Celebrating the Unpopular Arts

Nihilism and anarchy in comic books!

Steve Gerber had some great ideas. The Legion of Nihilists, occasional foes of Daimon Hellstrom, sounded like one of them, but it wasn’t.According to the cult’s leader, Father Darklyte, the Legion rejects the existence of God, Satan, morality, evil, the works. From that perspective, having someone show up claiming to be the Son of Satan must be infuriating: if Daimon’s not lying then Satan is real, God is real, and we live in an orderly moral universe where life has meaning. To someone who rejects that worldview, Daimon should be like a red flag to a bull.

Trouble is, that’s not how the Nihilists react to Daimon when they first appear in Marvel Spotlight #16.

Nor when they return.The Sword of Righteousness? These guys seem less like Nihilists and more like graduates of Liberty University. Their reaction to Satanism is no different than any right-wing preacher, though their outfits are more colorful. It’s as if Gerber came up with a cool name but couldn’t think what to do with it.

In fairness they’re mostly used as throw-away adversaries for Daimon to beat-up between the real threats, but it’s still annoying. Even when Darklyte shows up he’s less like a Nihilist than someone auditioning for the Brotherhood of Dada.

Anarchy in comics, of course, is largely left to villains. Alan Grant’s Anarky was an exception (Grant himself was a member of the UK Anarchist Party) but unlike the Nihilists he’s a good, interesting exception.

Over the years I’ve seen many articles and blog posts by writers who want superheroes to stop being allies to cops or the authorities and get back to being outlaw street-fighters, doing what the legal system can’t or won’t do. Mostly these wish lists seem to imagine Batman and Superman (or whoever) becoming more like the Punisher — maybe not killing but dealingwith bad guys personally rather than turning them over to the cops.

Me, I’d sooner see them stick it to the man than to the hoods on the street. It’s part of why I like Anarky, who disregards the law to nail the powerful and seemingly respectable —— and who’s willing to call R’As al Ghul out and argue mass-murder isn’t the best way to fix the world.I wish Anarky’s two solo series had lived up to that concept but they didn’t. The first series wastes space on Anarky confronting Darkseid — and seriously, how was a face-off between an anarchist and the embodiment of absolute order not more thrilling? The second wastes three issues on Anarky working with the JLA to stop a reality-warping monster. I suppose the intent was to show he can play in the big leagues but it makes him too similar to every other superhero.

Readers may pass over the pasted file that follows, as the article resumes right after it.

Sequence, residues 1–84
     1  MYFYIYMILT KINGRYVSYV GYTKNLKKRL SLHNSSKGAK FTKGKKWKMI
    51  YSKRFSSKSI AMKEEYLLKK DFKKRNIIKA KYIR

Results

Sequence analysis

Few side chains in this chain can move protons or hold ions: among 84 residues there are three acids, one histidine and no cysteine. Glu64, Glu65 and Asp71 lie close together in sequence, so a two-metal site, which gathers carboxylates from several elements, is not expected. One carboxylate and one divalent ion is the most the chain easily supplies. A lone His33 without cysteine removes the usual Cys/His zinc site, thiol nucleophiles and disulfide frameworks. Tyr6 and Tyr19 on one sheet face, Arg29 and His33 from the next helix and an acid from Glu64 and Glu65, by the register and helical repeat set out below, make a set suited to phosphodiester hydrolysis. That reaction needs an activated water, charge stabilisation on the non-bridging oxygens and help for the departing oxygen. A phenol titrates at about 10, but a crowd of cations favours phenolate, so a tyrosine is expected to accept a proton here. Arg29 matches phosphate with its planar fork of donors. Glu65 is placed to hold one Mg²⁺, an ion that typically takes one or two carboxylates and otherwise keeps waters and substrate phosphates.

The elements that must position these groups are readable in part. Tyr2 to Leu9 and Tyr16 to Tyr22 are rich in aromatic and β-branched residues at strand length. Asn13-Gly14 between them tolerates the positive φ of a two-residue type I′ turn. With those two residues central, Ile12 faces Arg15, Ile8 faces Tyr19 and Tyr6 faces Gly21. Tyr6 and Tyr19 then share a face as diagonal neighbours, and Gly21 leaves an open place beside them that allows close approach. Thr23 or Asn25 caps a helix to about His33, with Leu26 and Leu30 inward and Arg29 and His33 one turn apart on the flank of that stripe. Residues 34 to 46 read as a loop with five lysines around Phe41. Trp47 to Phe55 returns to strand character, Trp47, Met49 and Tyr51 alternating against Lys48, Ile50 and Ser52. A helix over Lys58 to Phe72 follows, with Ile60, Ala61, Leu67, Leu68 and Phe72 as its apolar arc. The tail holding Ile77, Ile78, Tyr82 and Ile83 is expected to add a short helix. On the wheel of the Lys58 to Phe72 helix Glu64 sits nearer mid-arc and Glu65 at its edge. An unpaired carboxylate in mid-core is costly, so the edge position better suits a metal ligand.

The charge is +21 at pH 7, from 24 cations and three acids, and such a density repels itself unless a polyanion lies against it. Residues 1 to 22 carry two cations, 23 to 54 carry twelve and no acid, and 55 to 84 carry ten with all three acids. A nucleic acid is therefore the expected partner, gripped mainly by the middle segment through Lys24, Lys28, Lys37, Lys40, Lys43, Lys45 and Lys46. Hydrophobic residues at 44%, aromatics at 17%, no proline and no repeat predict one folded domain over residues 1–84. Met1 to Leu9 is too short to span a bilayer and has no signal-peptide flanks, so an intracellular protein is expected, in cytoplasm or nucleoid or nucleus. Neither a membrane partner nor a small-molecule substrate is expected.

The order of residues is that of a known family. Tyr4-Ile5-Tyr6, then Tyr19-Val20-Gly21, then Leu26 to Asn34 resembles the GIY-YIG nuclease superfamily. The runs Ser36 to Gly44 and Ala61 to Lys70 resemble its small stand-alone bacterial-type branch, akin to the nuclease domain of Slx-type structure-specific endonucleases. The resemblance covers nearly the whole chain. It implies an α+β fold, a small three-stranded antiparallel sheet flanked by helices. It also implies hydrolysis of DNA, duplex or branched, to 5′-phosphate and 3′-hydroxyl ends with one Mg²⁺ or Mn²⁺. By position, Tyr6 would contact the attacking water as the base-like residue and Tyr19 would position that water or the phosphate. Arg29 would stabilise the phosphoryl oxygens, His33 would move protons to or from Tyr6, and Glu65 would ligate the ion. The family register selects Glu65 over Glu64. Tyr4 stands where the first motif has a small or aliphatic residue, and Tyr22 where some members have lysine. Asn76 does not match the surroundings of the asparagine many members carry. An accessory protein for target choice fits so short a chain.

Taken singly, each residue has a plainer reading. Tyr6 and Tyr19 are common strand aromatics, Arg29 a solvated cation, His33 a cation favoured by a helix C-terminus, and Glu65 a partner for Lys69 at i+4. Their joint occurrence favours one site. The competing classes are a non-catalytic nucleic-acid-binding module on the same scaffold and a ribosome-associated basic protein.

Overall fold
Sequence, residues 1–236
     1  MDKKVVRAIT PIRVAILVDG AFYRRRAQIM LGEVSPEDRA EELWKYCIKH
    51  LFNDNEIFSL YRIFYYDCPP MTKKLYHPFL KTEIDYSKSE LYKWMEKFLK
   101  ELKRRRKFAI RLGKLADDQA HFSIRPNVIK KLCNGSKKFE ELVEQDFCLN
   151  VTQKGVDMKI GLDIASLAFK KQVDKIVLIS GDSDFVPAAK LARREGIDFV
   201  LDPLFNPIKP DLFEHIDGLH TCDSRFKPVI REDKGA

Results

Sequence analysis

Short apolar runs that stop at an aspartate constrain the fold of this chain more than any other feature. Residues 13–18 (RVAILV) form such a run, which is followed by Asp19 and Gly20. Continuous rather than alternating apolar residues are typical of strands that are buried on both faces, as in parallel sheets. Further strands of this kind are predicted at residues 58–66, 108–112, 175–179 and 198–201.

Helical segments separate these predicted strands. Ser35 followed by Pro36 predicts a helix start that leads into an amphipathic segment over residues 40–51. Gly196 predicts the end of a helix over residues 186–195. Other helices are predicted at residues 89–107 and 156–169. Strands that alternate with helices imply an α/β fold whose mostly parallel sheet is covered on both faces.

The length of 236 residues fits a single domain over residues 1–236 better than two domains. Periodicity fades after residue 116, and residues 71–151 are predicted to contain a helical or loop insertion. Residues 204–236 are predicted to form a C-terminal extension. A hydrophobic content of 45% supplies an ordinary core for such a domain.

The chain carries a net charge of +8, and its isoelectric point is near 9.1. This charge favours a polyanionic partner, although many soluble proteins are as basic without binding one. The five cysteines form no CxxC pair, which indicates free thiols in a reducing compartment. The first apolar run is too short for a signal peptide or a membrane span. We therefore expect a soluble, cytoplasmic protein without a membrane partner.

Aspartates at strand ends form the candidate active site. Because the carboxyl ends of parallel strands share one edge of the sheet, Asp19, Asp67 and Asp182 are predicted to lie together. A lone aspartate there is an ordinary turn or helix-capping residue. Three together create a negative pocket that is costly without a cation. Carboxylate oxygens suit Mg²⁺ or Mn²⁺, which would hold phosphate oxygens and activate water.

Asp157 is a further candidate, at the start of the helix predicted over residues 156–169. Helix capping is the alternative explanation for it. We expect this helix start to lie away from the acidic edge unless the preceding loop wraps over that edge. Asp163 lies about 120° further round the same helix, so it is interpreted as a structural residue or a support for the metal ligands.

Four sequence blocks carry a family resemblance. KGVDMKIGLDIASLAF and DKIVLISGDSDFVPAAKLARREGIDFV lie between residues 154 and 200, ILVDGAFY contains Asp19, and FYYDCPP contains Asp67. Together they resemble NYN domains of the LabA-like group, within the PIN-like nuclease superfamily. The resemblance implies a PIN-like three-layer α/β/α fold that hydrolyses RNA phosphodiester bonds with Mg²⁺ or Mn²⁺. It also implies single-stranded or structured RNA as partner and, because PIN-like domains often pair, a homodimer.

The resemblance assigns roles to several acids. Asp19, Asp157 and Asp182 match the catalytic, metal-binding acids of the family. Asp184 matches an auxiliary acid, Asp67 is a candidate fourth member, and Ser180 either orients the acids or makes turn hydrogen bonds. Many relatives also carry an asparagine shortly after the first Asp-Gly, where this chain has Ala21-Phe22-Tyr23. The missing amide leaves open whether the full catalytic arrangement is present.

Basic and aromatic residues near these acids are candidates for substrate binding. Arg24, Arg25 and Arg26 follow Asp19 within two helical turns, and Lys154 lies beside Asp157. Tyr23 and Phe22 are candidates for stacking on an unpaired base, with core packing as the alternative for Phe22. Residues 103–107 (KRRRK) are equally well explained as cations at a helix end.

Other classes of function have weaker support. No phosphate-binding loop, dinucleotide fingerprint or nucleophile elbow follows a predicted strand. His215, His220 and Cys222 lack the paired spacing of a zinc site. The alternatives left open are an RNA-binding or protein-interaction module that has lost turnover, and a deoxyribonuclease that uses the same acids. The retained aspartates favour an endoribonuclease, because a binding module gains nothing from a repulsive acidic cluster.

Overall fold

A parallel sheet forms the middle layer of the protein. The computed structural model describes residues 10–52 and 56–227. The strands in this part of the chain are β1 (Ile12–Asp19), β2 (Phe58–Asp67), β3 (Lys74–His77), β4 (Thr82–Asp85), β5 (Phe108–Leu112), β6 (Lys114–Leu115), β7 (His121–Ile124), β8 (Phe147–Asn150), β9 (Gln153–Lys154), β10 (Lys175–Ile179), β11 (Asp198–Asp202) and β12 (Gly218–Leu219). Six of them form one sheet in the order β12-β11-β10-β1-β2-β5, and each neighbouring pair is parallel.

That said, I still like him and what he represents (even though I’m no anarchist). His anti-authority stance is one I wish some Elseworlds or multiversal story would take some time. Have Superman protect innocent people in the Middle East from American drone strikes. Have Batman expose prosecutors who railroad innocent people or forensic detectives who fabricate results. I don’t anticipate that happening with DC or Marvel so Anarky’s as close as we’re likely to get.

#SFWApro. Jim Mooney art on Son of Satan, Norm Breyfogle on Anarky.


  1. Le Messor

    Have Superman protect innocent people in the Middle East from American drone strikes.
    Sounds like something he would’ve done on Earth-1. Hasn’t he?

    Have Batman…I don’t anticipate that happening with DC or Marvel
    Yeah, I really don’t see Marvel running with either of these examples for some reason…
    😀 I kid! I kid!

  2. Peter

    For my money, Batman already is a pretty anti-authoritarian figure. The Dark Knight is frequently interpreted as being kind of OK with fascism, but if anything I read it as anti-authority. The president, the shapers of public opinion in the media, even Superman – these figures stand for something and are shown to have susceptibility to corruption, while Batman fights that corruption. I would be way more into a Batman vs. Corrupt DA story than the meaninglessly high-stakes stuff we are getting in today’s Batman title.

    1. DKR reminds me a lot of Dirty Harry: people in authority are useless, the cops are tied up by red tape and worries about thugs’ rights. Only the guy on the street who sees things clearly can do what needs to be done.
      I don’t see Batman in general as particularly anti-authoritarian, just willing to operate outside it.

  3. Edo Bosnar

    Yeah, the ‘Nihilists’ from Son of Satan seemed off to me, too. It’s one of several reasons why I don’t think that series was one of Gerber’s better efforts from that period.

  4. John King

    re “Have Superman protect innocent people in the Middle East from American drone strikes.”
    I doubt that such a story would be published.
    I remember a Nick Fury series started a four-part story of Fury’s cold war memories which was due to lead the series into a new direction (SHIELD strike force) with the same writers. The second part of the story involved a rather immoral American spy operation.
    It looks like the writers were quickly sacked after that issue was published and their plans abandoned – the replacement writer immediately retconned the flashbacks of the published chapters

Leave a Reply

This site uses Akismet to reduce spam. Learn how your comment data is processed.